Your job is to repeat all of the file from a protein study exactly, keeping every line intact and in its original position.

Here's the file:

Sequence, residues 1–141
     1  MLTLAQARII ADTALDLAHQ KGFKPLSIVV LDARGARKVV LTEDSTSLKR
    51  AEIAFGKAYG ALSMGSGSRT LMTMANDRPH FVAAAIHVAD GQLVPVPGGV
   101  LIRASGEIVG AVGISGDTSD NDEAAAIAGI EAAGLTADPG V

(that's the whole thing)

Sequence, residues 1–141
     1  MLTLAQARII ADTALDLAHQ KGFKPLSIVV LDARGARKVV LTEDSTSLKR
    51  AEIAFGKAYG ALSMGSGSRT LMTMANDRPH FVAAAIHVAD GQLVPVPGGV
   101  LIRASGEIVG AVGISGDTSD NDEAAAIAGI EAAGLTADPG V